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St. Louis County Council May Block Pensions For Officials Convicted Of Felonies

St. Louis County Councilmembers congratulate Hazel Erby for her tenure as councilwoman. Erby served on the county council for about 15 years. May 15 2019
Chad Davis | St. Louis Public Radio
St. Louis County Council members congratulate Hazel Erby for her tenure as councilwoman. Erby served on the county council for about 15 years.

The St. Louis County Council is looking into eliminating pensions for county officials who commit a felony.

The proposal came from Councilman Tim Fitch, R- St. Louis County, who said it would apply to those who pleaded or are found guilty of a felony while in office.

The proposal comes a few weeks after former County Executive Steve Stenger pleaded guilty to federal public corruption charges. He resigned as county executive in late April. Fitch said the proposed legislation could affect Stenger’s pension.

“I do believe that it’s wrong for someone to be convicted of a felony, of multiple felonies, while serving an elected office and then be able to at some point collect their pension,” Fitch said.

The proposed legislation is directed toward county elected officials, but Fitch said the council is discussing whether the language should also expand to non-elected county positions.

“Whether or not this new ordinance could be seen as something for future violations, felonies, or it could be applied in this case to Mr. Stenger, we don’t know the answer to that,” Fitch said.

He said the proposal will now be given to the county counselor to write potential legislation.

New head of the County Council

The meeting Tuesday marked the first day of Ernie Trakas’ tenure as the presiding officer for the council.

The council named him to the post through the end of the year when the council will select a new chairman and vice chairman. Sam Page left the chairmanship when the council chose him to replace Stenger as county executive. Vice Chairwoman Hazel Erby stepped down to head the county’s diversity and inclusion efforts.

“I’m expecting to continue what momentum we’ve seen for the last two years — that is bipartisanship, collaboration towards a focus of accountable, transparent government for the county,” said Trakas, R-South St. Louis County.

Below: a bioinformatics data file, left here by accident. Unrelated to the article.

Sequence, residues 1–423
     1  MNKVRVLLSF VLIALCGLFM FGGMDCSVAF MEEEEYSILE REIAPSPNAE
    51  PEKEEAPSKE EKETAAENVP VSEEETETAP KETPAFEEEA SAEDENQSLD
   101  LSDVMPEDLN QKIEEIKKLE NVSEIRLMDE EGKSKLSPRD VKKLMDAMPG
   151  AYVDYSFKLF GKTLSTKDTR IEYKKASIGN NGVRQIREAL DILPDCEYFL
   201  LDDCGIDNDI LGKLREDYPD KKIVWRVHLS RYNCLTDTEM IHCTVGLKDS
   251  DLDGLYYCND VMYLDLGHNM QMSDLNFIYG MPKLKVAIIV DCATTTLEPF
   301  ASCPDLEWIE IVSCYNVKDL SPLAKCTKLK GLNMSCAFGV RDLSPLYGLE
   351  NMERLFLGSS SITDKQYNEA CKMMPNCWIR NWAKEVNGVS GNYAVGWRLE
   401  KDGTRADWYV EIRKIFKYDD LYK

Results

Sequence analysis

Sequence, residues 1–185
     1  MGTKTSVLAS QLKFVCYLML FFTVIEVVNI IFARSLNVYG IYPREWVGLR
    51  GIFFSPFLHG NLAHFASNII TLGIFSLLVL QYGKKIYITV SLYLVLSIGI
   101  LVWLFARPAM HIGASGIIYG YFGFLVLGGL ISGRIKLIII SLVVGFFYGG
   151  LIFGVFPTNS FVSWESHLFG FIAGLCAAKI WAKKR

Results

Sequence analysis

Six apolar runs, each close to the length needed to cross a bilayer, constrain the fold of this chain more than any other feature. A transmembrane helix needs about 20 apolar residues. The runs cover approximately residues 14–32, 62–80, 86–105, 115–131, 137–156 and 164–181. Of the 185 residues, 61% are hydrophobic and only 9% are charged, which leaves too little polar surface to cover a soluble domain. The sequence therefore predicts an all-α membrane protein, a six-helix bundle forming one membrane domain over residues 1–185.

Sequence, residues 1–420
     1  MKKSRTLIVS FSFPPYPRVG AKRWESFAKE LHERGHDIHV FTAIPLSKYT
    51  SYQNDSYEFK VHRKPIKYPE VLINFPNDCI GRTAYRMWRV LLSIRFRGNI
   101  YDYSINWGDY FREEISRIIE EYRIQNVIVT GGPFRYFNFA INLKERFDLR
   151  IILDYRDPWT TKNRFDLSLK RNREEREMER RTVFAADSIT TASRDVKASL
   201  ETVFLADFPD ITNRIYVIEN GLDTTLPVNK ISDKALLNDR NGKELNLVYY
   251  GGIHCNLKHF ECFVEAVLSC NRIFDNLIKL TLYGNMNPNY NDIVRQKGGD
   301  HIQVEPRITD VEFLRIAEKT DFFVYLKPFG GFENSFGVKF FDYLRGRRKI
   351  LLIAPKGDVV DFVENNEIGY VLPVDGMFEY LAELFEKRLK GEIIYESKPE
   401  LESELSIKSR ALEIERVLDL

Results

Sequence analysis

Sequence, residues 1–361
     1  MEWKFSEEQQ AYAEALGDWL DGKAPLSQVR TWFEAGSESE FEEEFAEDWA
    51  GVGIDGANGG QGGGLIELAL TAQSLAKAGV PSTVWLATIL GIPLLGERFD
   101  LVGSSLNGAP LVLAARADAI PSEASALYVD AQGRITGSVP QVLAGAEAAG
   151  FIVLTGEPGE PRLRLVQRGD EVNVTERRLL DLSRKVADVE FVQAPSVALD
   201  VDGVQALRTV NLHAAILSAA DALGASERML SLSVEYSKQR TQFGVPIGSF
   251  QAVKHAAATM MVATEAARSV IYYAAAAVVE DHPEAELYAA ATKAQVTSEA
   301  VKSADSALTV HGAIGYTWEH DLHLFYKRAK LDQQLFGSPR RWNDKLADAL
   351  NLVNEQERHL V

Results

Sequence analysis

Trakas said one of the issues he hopes to tackle is holding a committee meeting that discusses and refines the definition of Proposition P — a tax passed for public safety — and what public-safety positions should receive the money.

Erby’s final meeting as councilwoman

“It has been a pleasure serving the 1st district of St. Louis County,” Erby said at her last meeting as a councilwoman. “I’m grateful for the friendships and relationships I’ve built throughout St. Louis County and St. Louis city as well. I am leaving public office, but I am not leaving my community.”

Erby said she’s already been communicating with Page about potential programs and proposals.

“I get texts from him late at night on the weekend saying, ‘Look at this program I found,’” Erby said. “We both have the same things at heart, and we’ve been a good team over the last two years, so it’s going to be fine.”

Page was in Washington, D.C., during the council meeting. He gave his weekly report through a video conference projected in the council chambers. He was joined by U.S. Reps. Lacy Clay, D-University City, and Ann Wagner, R-Ballwin. Page said he spoke with Clay about equity issues in north St. Louis County. Page said he also updated Wagner on the county prescription drug-monitoring initiative.

Follow Chad on Twitter @iamcdavis

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Chad is a general assignment reporter at St. Louis Public Radio.

Send questions and comments about this story to feedback@stlpublicradio.org.